Later, a number of issues critical to Baylor students made their way into the state legislative session. Again, Judge Starr worked behind the scenes, meeting with students and parents, alumni and Texas lawmakers. Rallying the support of Baylor Nation, it appears likely as the legislative session comes to a close that the president has prevailed, protecting the interests of the university and her students.
Closer to home, Judge Starr and his wife, Alice, have quickly become involved in the Waco community, both socially and as servant leaders. Frequent attendees of the Waco Symphony, the couple also regularly mentored a young student at J.H. Hines Elementary School over the past year, tutoring and accelerating his progress in reading while sparking his interest in math, history and geography. Judge Starr also actively recruited a large number of Baylor students to join him in tutoring in the Greater Waco Community Education Alliance's Best Practices reading program at Hines and LaVega Intermediate School.
"President Starr immediately engaged himself in the life of the community at its core," recalls Education Alliance Executive Director Virginia DuPuy, BA '56, MA '62, who previously served as mayor of Waco from 2005-10. "He joined other education and business leaders in attending the first Education Alliance board meeting, before he'd even been officially inaugurated as Baylor's president. His wisdom and model of servant leadership continues to influence the Alliance's work of engaging the community in sending children to school ready to learn and reach their potential.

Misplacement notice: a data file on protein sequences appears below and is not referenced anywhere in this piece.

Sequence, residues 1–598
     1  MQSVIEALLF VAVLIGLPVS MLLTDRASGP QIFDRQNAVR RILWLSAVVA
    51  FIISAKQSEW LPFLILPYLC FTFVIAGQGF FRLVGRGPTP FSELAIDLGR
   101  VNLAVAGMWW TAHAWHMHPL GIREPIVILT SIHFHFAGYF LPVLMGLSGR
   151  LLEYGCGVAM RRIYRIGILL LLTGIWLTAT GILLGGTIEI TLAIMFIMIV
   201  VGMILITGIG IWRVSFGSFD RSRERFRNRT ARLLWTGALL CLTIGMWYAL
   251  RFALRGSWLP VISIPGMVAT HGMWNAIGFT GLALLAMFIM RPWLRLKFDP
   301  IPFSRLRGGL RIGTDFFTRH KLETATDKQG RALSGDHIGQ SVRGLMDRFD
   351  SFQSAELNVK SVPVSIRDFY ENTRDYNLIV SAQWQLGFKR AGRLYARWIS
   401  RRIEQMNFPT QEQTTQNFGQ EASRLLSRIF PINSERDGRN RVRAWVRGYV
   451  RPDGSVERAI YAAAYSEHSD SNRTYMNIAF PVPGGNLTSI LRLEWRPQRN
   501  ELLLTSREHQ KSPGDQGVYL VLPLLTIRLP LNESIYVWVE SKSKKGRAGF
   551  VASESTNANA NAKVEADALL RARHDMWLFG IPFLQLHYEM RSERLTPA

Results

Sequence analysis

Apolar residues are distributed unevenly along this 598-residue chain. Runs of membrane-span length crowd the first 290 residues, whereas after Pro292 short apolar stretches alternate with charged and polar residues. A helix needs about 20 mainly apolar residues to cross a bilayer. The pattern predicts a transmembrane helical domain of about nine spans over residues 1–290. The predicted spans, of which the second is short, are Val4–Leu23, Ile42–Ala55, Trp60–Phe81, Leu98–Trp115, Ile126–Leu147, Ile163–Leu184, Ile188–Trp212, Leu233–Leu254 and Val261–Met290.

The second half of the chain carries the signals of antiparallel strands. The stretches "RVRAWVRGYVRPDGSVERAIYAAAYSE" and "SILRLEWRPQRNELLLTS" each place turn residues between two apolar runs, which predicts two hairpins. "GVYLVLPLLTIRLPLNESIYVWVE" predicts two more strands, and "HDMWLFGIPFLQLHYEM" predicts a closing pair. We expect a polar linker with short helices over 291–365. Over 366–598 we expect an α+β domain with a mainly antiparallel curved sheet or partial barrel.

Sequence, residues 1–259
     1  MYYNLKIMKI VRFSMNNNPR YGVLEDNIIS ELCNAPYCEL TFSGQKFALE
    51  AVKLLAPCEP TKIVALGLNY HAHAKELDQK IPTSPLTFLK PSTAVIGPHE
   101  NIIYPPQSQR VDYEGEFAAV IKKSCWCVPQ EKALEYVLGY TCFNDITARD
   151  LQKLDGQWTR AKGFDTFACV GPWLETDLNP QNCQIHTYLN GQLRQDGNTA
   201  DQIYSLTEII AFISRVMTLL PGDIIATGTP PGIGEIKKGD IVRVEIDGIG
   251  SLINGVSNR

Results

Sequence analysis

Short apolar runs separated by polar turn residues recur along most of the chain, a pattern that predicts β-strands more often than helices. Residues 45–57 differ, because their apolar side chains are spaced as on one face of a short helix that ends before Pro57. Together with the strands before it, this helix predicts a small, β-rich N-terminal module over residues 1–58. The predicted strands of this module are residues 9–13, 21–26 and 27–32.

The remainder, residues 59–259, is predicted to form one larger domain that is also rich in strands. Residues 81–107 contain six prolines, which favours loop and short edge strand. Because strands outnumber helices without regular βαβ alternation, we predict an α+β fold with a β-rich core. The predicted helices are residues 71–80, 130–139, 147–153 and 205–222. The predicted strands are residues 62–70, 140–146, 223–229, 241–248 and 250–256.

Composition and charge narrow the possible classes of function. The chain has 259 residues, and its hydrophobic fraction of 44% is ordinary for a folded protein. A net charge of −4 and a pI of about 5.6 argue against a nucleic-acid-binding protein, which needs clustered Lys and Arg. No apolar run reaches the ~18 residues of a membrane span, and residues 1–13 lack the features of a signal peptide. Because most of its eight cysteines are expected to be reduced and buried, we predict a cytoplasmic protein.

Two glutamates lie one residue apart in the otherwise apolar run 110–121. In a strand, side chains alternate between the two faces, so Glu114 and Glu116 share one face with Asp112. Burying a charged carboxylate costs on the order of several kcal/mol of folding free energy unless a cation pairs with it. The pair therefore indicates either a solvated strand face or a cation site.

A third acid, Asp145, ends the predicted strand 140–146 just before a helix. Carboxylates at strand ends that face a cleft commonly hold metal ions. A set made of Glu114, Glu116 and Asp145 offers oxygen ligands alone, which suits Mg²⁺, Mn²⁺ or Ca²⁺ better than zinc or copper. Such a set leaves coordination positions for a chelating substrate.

"Judge Starr has worked to connect Baylor with Waco on multiple fronts. He's been exceptionally generous with his time, making room in his challenging presidential schedule to speak to area groups such as the Interfaith Council, Greater Waco Chamber of Commerce, Caritas' Feast of Caring, Waco Business League, and the Community Visioning Board, to name only a few. He encourages these community-building organizations and consistently tells the Baylor story in a manner that strengthens and builds on the ties between Baylor and Waco. He and Alice are an amazing team -- genuine, accessible and affirming in all their relationships within the community. They have won the hearts of everyone, I know."
And that, of course, includes the Baylor student body. Dedication to the students has led Baylor's president to travel thousands of miles over the past year to meet with individuals and foundations that have the ability to make a significant financial impact on Baylor and its students. Starr's biggest push in his first year has been the President's Scholarship Initiative, a three-year, $100 million fundraising effort aimed at helping keep Baylor accessible to the students of today and tomorrow.
Mark, BBA '83, and Lisa Miller, BBA '85, met Judge Starr for the first time in January and shortly thereafter signed up to endow a scholarship for students with financial need in the Hankamer School of Business.
"Lisa and I had talked about doing a scholarship at some point in the future, but we were so impressed with Judge Starr, what he's brought to Baylor and his enthusiasm for the school, that we thought now was the time to initiate our donation to the endowed scholarship fund," says Mark Miller. "We're just following Judge Starr's vision and initiative to have quality students be able to go to Baylor who otherwise would not be able to because of their finances."
"We were very impressed after the meeting," Lisa Miller adds. "Besides his business sense and his educational background and the vision he has for Baylor, he was just a really, really nice guy. I was excited to think that is the person leading Baylor, because that's the kind of graduate you want to have -- people who find something they're passionate about, personable and open to people. He's a great ambassador for the university."
R. Dary Stone, JD '77, the Baylor Board of Regents chair for the past two years, echoes that thought.
"Judge Starr has been a blessing to the Baylor family on all levels," Stone says. "His kind heart, powerful intellect, deep spiritual commitment and his enthusiasm for all things Baylor have contributed to a great inaugural year for the university. The Board of Regents is deeply grateful for his leadership to date and very excited about Baylor's prospects for the future."